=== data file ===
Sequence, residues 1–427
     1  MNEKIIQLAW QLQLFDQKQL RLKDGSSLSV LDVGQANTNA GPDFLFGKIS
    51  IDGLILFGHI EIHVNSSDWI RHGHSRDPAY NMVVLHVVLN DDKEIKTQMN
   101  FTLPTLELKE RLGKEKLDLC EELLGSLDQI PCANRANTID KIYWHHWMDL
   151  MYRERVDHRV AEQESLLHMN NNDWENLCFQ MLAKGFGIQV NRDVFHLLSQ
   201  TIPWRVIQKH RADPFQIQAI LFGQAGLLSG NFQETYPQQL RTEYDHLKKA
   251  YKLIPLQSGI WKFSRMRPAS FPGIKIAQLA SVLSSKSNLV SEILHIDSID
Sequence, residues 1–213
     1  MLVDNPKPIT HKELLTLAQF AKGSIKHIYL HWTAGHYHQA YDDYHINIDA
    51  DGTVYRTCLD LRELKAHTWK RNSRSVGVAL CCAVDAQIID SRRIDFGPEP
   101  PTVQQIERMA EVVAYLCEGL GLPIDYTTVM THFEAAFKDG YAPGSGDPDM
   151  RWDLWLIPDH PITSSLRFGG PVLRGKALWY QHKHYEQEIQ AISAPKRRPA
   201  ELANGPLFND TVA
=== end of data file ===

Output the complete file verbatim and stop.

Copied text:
Sequence, residues 1–427
     1  MNEKIIQLAW QLQLFDQKQL RLKDGSSLSV LDVGQANTNA GPDFLFGKIS
    51  IDGLILFGHI EIHVNSSDWI RHGHSRDPAY NMVVLHVVLN DDKEIKTQMN
   101  FTLPTLELKE RLGKEKLDLC EELLGSLDQI PCANRANTID KIYWHHWMDL
   151  MYRERVDHRV AEQESLLHMN NNDWENLCFQ MLAKGFGIQV NRDVFHLLSQ
   201  TIPWRVIQKH RADPFQIQAI LFGQAGLLSG NFQETYPQQL RTEYDHLKKA
   251  YKLIPLQSGI WKFSRMRPAS FPGIKIAQLA SVLSSKSNLV SEILHIDSID
Sequence, residues 1–213
     1  MLVDNPKPIT HKELLTLAQF AKGSIKHIYL HWTAGHYHQA YDDYHINIDA
    51  DGTVYRTCLD LRELKAHTWK RNSRSVGVAL CCAVDAQIID SRRIDFGPEP
   101  PTVQQIERMA EVVAYLCEGL GLPIDYTTVM THFEAAFKDG YAPGSGDPDM
   151  RWDLWLIPDH PITSSLRFGG PVLRGKALWY QHKHYEQEIQ AISAPKRRPA
   201  ELANGPLFND TVA